How gorgeous was that whispy muscat fragrance, freshness, intensity and harmony in the pair of 1975 Muscadels, one WO Robertson, the other WO Breederivier Valley, but both aged in 10 000 litre stukvats (like those in the Cathedral Cellar). The hanepoot seemed quiet by comparison.

The wine I was longing to try again was the famous 1953 Muscadel Jerepigo, voted the best South African entry on the infamous 1995 SAA Shield (more about that later this year). It was made in a different way from other muscadels being left overnight to ferment on the skins, which made it less sweet, though more viscous and complex with more structure than the others. It’ll last for ever!

If asked to choose between the 1953 and 1930 Muscadel Late Bottled, the last wine in our line up and made by Prof Perold of pinotage fame, I couldn’t. ‘It was like syrup when removed from the stukvat,’ commented Baumgarten, ‘and was freshened with some of that 1975.’

By now we were into the really naughty tales Duimpie Bayly relating how one of the shorter guys on the Wine & Spirit Board tasting panel always pressed the blue button indicating ‘superior’, simply because that was the only one he could reach!

This memorable treat was followed by a traditional Kanonkop snoek braai, some of their older wines and, no doubt, many more rowdy-inducing stories!

Spotted in the Kanonkop fermentation cellar. NB day before the Stormers played the Rebels!
Spotted in the Kanonkop fermentation cellar. NB day before the Stormers played the Rebels!

Stylistic diversity

My favourite food? Tuna would rate high on the list, but as much as I love this tasty fish, I wouldn’t want to eat it every day, nor prepared in just one way. So it is with wine; just imagine how boring it would be if wine were limited to one style – or variety. Diversity is the spice of life and it was certainly in evidence among the winners of Christian Eedes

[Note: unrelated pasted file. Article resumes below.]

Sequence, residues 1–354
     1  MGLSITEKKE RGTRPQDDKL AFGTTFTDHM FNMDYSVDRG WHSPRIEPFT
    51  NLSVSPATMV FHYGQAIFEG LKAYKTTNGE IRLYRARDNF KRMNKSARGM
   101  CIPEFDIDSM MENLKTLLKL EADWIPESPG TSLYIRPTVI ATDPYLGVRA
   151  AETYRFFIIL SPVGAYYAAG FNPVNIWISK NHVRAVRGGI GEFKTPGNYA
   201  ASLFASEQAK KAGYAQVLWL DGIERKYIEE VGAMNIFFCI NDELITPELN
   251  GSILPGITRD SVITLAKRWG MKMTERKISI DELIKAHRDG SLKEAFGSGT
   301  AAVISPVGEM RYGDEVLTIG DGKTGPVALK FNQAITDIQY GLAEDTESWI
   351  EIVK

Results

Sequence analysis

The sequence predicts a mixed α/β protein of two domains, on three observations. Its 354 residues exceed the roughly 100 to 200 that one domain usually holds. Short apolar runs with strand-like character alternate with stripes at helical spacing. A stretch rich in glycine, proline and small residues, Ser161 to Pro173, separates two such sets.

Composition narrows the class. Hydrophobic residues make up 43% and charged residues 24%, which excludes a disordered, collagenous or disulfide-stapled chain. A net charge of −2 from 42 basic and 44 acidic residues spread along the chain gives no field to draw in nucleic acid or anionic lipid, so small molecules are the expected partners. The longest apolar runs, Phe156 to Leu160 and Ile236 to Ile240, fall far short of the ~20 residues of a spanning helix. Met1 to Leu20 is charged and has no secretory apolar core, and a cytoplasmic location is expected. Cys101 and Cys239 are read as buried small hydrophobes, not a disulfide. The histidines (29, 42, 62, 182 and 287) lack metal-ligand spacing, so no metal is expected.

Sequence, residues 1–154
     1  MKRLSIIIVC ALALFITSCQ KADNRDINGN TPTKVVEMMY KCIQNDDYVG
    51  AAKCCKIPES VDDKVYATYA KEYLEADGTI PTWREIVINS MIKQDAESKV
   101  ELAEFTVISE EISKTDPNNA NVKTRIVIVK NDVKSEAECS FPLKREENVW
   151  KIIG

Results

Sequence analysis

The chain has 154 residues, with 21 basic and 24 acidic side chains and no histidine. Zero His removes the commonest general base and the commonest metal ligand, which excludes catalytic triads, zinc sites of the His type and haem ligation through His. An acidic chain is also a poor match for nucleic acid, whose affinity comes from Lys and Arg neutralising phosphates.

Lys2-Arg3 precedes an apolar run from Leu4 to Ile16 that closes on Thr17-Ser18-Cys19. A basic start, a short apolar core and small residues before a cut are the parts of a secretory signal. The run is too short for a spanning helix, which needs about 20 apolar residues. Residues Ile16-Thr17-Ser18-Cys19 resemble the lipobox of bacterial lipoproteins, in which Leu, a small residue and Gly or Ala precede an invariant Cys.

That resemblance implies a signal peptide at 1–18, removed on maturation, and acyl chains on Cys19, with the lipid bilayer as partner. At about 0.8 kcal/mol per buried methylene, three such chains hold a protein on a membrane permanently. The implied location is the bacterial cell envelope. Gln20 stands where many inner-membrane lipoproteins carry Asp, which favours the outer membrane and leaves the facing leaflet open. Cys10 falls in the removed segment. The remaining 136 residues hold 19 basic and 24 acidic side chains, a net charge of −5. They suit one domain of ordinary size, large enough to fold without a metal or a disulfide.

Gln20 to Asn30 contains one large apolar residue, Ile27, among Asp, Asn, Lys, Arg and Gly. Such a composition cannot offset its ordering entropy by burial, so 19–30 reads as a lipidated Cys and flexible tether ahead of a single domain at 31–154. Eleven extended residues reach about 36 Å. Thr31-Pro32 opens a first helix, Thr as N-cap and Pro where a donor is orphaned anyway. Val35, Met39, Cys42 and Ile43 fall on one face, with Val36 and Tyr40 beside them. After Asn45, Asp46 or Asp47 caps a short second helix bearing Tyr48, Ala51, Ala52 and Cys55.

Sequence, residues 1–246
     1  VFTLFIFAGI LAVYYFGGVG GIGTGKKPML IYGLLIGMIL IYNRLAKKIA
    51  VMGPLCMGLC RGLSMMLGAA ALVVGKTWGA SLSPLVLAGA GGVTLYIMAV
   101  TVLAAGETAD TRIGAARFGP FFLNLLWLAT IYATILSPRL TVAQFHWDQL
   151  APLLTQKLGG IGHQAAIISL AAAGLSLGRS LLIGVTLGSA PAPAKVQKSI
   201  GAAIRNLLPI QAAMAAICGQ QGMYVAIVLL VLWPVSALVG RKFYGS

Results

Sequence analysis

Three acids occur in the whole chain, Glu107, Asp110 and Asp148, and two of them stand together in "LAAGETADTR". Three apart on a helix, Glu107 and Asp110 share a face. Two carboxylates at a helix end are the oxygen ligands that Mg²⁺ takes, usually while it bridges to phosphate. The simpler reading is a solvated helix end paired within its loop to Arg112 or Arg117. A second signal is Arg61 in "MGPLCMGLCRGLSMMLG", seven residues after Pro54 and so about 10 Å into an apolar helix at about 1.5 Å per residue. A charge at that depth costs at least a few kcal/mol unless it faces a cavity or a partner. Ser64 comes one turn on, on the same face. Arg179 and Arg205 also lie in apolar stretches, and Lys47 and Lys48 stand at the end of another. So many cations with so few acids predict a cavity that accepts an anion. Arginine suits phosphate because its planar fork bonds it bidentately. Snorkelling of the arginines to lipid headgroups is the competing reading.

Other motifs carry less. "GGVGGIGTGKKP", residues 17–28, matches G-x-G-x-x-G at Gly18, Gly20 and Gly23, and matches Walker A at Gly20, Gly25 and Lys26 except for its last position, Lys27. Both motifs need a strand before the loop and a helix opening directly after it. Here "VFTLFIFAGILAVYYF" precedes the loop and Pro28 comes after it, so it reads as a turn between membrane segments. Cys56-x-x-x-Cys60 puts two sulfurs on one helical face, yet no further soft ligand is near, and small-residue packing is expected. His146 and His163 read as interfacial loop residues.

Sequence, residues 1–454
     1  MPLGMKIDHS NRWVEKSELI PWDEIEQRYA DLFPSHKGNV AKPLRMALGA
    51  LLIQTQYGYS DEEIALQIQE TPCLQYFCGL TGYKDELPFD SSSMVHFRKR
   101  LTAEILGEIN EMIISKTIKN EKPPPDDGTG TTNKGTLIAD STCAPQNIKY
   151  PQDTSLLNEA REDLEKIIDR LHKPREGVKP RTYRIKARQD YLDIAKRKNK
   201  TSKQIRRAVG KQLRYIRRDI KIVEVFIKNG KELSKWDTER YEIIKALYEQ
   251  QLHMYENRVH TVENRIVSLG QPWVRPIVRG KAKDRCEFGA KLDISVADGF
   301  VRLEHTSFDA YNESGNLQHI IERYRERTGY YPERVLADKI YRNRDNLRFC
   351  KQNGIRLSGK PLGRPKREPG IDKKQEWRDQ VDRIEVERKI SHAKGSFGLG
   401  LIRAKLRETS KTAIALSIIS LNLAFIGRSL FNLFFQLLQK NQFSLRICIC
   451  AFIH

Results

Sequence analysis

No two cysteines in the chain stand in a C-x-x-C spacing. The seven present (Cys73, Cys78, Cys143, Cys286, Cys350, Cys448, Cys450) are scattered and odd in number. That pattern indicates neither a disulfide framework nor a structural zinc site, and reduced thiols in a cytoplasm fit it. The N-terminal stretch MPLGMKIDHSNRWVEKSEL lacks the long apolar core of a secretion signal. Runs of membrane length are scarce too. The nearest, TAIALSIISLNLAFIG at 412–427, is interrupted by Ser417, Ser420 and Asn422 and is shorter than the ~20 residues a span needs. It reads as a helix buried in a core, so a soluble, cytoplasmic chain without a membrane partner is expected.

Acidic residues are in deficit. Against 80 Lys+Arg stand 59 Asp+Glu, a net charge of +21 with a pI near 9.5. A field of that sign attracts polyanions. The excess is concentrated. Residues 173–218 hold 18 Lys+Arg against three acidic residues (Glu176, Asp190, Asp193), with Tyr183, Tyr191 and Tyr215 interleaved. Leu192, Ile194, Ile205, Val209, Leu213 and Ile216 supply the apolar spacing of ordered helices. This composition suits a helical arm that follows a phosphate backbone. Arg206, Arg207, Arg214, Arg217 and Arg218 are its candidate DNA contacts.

King cab
King cab

Cabernet Report 2015.

As in past events, Eedes chose 60 of the Cape’s top cabs with a track record before sitting down to taste with his colleagues, Wine Cellar’s Roland Peens and James Pietersen. The format changed a little this year: ratings were out of 100 rather than 20 and there was no top 10; instead, all wines scoring more than 90/100 were deemed winners. This could have been embarrassing should only a handful have made the cut, but as Eedes pointed out, the majority entered were from the excellent 2012 vintage and this provided 10 of the 13 scoring 90/100 or more. (The less than stellar 2014s will be awaited with bated breath!)

In his report, Eedes writes: ‘The best wine, or at least the wines this panel is inclined to reward, combine luscious fruit and textual (sic) generosity without sacrificing freshness .’ After tasting through all the wines, I find that aesthetic is rather widely interpreted, although not always with negative results. The full report can be read here.

My own taste is for a classic style in cabernet and in wine generally, so the three cabernets that most pleased me were Waterford 2012, Le Riche 2012 and Stark-Conde 2012, all with under 40% new oak and only Le Riche a straight cabernet (this is the Regular, the Reserve, with presumably more new oak scored 84). They, the Stark-Condé in particular, are what I’d call ‘proper cabernets’. While both Waterford and Le Riche were the top two rated wines, Stark-Condé was number 12 on the list, something I found puzzling, given the very different styles that filled the other spots. But I guess that’s the way it goes with competitions, so if your taste is also for a more restrained, classic style, don’t be put off by that number 12 rating.

As for those in between, there was over-ripeness, notably in Oldenburg 2012 with its porty tail and the Spier Woolworths Reserve 2012, just under 14% declared alcohol, but with jammy sweet fruit.

Before you deem my judgement too subjective, let me hasten to say how much I admire Rust en Vrede’s Single Vineyard 2012, 100% cabernet and new oak. Yes, it’s big, but it’s also balanced, the fruit well able to handle the oak and of a ripeness to ensure varietal recognition rather than a soupy mess. Anyone willing and able to fork out its R850 asking price, who is out to impress or who enjoys that more modern style, will not be disappointed. Personally, I couldn’t do more than fiddle with a glass, but that doesn’t stop me recognising it’s a really good wine.